“There’s a greater sense of belonging and connectedness in a team sport,” Coatsworth said. “Good coaches are able to create that context where the team is more important than the individual, and that’s a lesson many people believe is valuable.”
Those positive lessons sometimes may be offset by a group mentality and peer pressure in team sports, though. According to Coatsworth, some evidence indicates participants in team sports may drink more than their counterparts in individual sports.
Overall, individual and team sports face some of the same challenges while teaching many similar lessons. For the most part, the choice between an individual or team sport seems to amount to a different means to the same end.
For example, youth hockey coach Jeff Hulbert sees hockey as a “community” that welcomes young athletes.
“Joining a team allows kids to get involved, to feel like a part of something,” Hulbert said. He’s the father of two daughters who take dance classes. He thinks they would be interested in playing ice hockey, but they have not expressed an interest in ice skating.
“My girls are more team-sports kids,” Hulbert continued. “They’d probably play ice hockey if they could, but their mother and I have differing opinions on ice hockey for girls.”
Proponents of individual sports would cite the ease of involvement for young athletes in their activities, too. While there might not be a whole team that forms a “community,” a young athlete can just as easily adapt and make friends in an individual sport as in a team sport.
Once established in a sport, growth provides one area where the pros and cons of individual and team sports seem a bit more distinct.
In a team sport, a young athlete may move into or out of a specific role on the team as their skills develop or diminish in relation to their peers. When that happens, the athlete must learn to adapt to that different role. They remain a member of the team, though, and the culture of team sports encourages the athlete and his or her teammates to accept and make the most of those changes.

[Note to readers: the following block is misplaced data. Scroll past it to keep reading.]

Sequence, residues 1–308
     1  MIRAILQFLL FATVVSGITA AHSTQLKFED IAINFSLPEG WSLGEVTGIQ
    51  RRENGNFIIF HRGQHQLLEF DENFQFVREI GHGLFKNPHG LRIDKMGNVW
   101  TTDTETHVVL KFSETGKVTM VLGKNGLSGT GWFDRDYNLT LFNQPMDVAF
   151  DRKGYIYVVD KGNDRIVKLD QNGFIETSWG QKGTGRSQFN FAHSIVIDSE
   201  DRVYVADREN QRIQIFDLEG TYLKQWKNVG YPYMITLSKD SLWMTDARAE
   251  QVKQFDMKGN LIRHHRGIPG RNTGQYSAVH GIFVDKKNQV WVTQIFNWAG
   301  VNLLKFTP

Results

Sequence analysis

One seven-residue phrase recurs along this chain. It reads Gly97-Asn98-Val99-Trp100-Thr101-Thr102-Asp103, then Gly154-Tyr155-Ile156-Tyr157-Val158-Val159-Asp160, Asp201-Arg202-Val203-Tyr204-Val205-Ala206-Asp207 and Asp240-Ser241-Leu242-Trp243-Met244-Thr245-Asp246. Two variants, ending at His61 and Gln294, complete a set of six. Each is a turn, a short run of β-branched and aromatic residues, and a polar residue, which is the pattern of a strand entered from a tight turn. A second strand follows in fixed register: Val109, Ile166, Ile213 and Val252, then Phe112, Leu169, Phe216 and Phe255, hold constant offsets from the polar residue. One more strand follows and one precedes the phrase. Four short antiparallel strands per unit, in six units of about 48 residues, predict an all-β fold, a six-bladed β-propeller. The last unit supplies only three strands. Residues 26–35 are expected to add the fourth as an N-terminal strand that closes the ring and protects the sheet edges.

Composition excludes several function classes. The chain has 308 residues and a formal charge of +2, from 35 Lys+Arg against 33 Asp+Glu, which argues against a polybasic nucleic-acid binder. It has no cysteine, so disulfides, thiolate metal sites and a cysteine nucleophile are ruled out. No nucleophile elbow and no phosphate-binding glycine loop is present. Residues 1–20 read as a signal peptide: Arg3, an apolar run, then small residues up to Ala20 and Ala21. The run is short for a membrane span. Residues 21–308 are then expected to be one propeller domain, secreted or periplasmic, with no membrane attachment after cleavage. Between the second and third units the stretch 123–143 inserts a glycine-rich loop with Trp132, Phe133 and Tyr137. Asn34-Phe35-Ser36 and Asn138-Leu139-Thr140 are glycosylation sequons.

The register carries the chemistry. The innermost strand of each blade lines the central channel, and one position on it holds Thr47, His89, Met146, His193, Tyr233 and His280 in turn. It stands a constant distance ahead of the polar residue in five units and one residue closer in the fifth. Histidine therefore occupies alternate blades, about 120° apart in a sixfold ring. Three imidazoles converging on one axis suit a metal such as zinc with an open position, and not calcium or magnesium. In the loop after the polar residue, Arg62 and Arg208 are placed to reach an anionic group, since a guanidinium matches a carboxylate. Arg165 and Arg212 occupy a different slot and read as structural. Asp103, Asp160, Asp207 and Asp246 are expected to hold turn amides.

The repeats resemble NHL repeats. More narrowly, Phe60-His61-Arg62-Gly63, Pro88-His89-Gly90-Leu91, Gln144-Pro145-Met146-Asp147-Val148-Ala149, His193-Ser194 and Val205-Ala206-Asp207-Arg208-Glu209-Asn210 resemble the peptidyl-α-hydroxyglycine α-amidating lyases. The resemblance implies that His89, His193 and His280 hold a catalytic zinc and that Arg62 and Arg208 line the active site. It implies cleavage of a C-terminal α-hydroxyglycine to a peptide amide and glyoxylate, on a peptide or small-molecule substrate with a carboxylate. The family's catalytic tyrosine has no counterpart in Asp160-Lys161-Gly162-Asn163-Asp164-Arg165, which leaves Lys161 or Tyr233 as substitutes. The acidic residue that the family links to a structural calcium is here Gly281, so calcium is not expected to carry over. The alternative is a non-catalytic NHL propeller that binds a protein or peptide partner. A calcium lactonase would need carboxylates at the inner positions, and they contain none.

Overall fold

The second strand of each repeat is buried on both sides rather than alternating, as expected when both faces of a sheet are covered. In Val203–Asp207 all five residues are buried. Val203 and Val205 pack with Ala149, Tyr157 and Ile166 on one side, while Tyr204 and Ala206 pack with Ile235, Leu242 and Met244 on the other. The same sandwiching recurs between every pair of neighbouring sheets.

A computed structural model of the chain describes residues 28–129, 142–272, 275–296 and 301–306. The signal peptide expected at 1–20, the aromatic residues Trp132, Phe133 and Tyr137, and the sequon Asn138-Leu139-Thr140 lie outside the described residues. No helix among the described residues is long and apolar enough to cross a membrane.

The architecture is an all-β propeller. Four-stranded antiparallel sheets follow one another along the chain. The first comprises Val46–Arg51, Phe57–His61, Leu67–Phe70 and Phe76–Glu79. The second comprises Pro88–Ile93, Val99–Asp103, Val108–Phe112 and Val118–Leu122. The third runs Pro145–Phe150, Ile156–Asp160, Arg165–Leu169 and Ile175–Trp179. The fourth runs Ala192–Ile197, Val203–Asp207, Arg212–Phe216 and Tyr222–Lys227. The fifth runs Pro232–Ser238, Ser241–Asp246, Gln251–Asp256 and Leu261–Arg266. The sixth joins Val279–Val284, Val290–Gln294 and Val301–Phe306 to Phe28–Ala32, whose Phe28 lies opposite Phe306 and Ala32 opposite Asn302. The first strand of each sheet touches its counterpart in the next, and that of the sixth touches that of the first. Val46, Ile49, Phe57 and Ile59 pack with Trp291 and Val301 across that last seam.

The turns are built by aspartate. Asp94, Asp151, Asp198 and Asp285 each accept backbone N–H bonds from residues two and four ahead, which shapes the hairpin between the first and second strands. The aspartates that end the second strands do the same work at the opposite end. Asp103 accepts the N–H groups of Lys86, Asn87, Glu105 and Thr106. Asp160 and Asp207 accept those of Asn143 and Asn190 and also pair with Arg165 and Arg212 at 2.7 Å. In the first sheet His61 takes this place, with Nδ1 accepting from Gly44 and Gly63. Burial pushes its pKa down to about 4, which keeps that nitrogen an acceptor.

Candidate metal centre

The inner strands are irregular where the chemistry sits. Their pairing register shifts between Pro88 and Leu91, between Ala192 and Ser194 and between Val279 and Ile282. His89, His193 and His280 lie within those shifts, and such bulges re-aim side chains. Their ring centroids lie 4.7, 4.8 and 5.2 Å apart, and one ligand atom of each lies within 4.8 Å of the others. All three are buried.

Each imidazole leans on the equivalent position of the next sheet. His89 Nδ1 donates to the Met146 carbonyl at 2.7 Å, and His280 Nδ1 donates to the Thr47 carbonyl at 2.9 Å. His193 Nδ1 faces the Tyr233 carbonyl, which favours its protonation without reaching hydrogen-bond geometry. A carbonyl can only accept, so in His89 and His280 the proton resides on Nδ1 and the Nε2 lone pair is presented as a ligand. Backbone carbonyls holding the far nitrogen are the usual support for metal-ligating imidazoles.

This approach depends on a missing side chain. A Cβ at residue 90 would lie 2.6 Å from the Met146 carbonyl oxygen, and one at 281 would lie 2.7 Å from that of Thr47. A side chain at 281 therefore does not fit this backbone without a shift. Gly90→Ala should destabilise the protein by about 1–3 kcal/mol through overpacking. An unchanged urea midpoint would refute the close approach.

In an individual sport, when an athlete faces a similar challenge in terms of lack of development or increased skill among his or her opponents, the change clearly impacts only them.
“If the issue is building your own sense of competency, then it’s easier to think you’re less good or you’re a failure because you’re not beating those other people,” Coatsworth said. “Once you reach a certain point, it becomes a lot harder for coaches, parents and even the athletes just to focus on individual mastery and their own skill development.”
Some young athletes stick with only individual or team sports while others try both types of sports. Both Coatsworth and Friday believe a variety of experiences might best serve the young athlete’s development as a person.
They think overexposure to either approach can come with costs and they stress that a young athlete’s development as a person does not rely exclusively on sports.
“I don’t ever want to be friends with (tennis legend) John McEnroe,” Friday said. “I don’t want to go to dinner with Terrell Owens either. I don’t think it’s an individual or group thing that makes you a jerk or not.
“The variables are unending, and it’s not an individual sport or a team sport that makes you a good person or a bad person.”